Sicily: hiding in a cave and ambushing Germans one by one. Without any context to this event in the big picture of Sicilian ops, this scene was just plain painfully unrealistic to watch. I found myself offended that anybody would believe an audience would believe this scene. Why couldn't they film a REALISTIC scene to make whatever point they were trying to make?
D-Day: Since you never see more than sixteen people at any one time there is absolutely no sense of the sweeping scale of the invasion. There is almost no sense of terror, little sense of carnage, little sense of loss when American soldiers were getting killed. This is where the total lack of military tactics really starts shutting down the movie. Why did they send one man at a time out with the bangor (sp?) mines? Was it to add suspense at the cost of total unrealism? It seems so.
And what was up with the snipers?
Read more ›
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Format: DVD
Sarge (Lee Marvin), first saw combat near the end of WWI. Now, years later, in North Africa in WWII he is a grizzled, war weary, seen it all veteran. Nevertheless, he's still resolute in his duty and a proud wearer of the Red #1 arm patch insignia of the US 1st Infantry Division. He is leader, father, mother, coach and whatever else he needs to be to get his rifle squad through the war. The four principal characters of interest are Griff (Mark Hamill), an expert riflemen but one who can't shoot the enemy if he sees his eyes; he calls it murder, Sarge says otherwise. There is Zab (Robert Carradine) who's main purpose is narrator, his musings provide background and setting; the other two are Johnson and Vinci. We follow this group throughout the movie and the war from North Africa, Sicily, Normandy, Belgium and finally to a concentration camp in Czechoslovakia for a series of emotionally powerful concluding scenes.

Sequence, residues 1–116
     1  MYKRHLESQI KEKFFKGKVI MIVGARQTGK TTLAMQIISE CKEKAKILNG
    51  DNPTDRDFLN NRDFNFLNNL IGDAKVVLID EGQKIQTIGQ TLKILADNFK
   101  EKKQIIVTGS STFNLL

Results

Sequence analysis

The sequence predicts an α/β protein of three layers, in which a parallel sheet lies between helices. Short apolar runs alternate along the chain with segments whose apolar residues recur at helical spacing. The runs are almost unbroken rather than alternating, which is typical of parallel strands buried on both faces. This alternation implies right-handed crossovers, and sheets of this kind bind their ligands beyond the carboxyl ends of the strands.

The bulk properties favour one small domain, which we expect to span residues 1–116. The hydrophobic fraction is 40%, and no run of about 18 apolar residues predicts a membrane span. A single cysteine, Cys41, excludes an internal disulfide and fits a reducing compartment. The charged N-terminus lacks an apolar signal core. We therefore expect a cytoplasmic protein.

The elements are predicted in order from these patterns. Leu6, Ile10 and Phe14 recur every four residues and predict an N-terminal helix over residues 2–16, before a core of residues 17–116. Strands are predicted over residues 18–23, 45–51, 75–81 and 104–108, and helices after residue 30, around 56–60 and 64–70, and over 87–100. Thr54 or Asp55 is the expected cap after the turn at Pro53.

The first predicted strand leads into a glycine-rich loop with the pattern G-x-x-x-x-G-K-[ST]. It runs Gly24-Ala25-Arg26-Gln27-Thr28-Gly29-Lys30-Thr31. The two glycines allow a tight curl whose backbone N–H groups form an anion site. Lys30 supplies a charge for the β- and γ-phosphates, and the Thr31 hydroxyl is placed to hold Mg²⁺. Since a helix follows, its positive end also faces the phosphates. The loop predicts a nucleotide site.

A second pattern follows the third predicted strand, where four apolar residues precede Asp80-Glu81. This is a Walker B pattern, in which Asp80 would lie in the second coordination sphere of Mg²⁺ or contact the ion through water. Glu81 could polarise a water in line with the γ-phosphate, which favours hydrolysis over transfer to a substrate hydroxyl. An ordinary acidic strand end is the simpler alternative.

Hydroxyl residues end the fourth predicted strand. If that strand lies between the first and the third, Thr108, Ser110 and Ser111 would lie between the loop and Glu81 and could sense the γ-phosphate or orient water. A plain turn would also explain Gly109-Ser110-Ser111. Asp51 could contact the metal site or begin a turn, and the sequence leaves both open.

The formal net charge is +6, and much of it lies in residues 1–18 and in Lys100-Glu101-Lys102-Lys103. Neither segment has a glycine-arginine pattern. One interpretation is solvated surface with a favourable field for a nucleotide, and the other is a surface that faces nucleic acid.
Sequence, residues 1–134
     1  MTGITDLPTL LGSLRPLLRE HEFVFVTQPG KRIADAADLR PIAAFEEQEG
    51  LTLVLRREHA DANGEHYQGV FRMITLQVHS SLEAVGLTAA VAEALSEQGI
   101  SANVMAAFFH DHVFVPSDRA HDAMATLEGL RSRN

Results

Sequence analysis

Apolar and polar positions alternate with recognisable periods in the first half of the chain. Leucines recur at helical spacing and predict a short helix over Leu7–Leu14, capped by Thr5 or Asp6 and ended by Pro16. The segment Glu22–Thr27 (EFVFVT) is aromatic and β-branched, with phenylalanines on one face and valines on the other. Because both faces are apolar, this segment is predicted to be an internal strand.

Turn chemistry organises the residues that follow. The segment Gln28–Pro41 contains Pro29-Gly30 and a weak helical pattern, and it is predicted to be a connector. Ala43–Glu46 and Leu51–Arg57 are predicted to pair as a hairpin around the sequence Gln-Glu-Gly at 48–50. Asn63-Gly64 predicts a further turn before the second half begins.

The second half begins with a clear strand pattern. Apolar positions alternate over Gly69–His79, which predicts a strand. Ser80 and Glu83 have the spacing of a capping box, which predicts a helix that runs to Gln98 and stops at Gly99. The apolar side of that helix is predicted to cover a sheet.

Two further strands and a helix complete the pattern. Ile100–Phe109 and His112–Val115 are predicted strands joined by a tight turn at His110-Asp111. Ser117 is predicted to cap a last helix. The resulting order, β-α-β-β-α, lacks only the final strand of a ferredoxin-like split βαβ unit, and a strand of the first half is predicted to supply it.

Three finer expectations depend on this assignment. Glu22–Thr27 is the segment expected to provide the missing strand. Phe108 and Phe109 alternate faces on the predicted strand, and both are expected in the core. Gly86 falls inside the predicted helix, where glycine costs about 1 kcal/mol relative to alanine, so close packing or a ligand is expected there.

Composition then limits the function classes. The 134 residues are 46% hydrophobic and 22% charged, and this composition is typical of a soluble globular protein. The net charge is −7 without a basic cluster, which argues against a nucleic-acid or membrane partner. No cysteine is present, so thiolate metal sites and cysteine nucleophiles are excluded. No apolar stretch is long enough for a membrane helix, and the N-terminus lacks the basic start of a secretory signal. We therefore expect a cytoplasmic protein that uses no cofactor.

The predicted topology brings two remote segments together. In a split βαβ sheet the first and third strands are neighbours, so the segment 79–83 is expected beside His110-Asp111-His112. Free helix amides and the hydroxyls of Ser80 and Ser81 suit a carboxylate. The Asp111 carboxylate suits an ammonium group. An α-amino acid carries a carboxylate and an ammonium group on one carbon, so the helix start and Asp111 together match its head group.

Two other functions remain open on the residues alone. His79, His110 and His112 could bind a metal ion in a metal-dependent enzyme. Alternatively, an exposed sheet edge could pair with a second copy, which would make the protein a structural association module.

There is no glorification of war here; indeed the message is very clear - the only glory in war is surviving. The movie is very creative in introducing characters whose sole purpose, with their demise, is to underline this message. The short careers of both Lemchek and Kaiser are cases in point. The battle scenes are weak and unrealistic but that's not the emphasis. The action scenes that are memorable are the ones with a subtle message; the camera focusing in on the dead soldiers wristwatch in the surf of Normandy, the water turning red with the passing of time; the scene at the asylum in France and the concentration camp scene where Griff overcomes his compunction about shooting while seeing the whites of his enemies eyes.
It's a well crafted movie, with some strong acting from Lee Marvin and Mark Hamill and a movie which delivers it's message in a well thought out and strong ending.
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Format: DVD
Sam Fuller waited for years to make this film based on his experiences as a dogface with the famed First Division and he has left us with a minor masterpiece of film story-telling. Fuller did not have the budget of a Spielberg (in fact he had a rather limited budget) so the invasion of Normandy and other scenes are not sweepingly epic. (Just imagine if he had.) But that is not the point. It is a tale of rememberance & by nature episodic & anecdotal.
The original cut was over 4 hours, Fuller eventually cut it to about 2 1/2 then the studio cut it to 113 minutes--one can only imagine what is missing. Even so the film builds an incredible power, not cathartic but a weary experience of survival, which as the film states is the only glory in war.
Lee Marvin gives an amazingly nuanced performance as the "Sergeant", Robert Carridine does an amusing turn as Zap, Fuller's alter-ego and Mark Hamill is effective as conscious stricken Griff.
If you have not seen Fuller's other war films ("The Steel Helmet", which looks like it was made for 1.98, but is quite amazing; "Fixed Bayonets" & "Merrill's Marauders") they are well worth seeking out, as are his other non-war films.
Sam Fuller said that the only way for a movie audience to truly experience war was to have someone come out in front of the screen & start spraying the audience with gunfire and have the person sitting next to you shot to pieces. I think that I will stick with his films.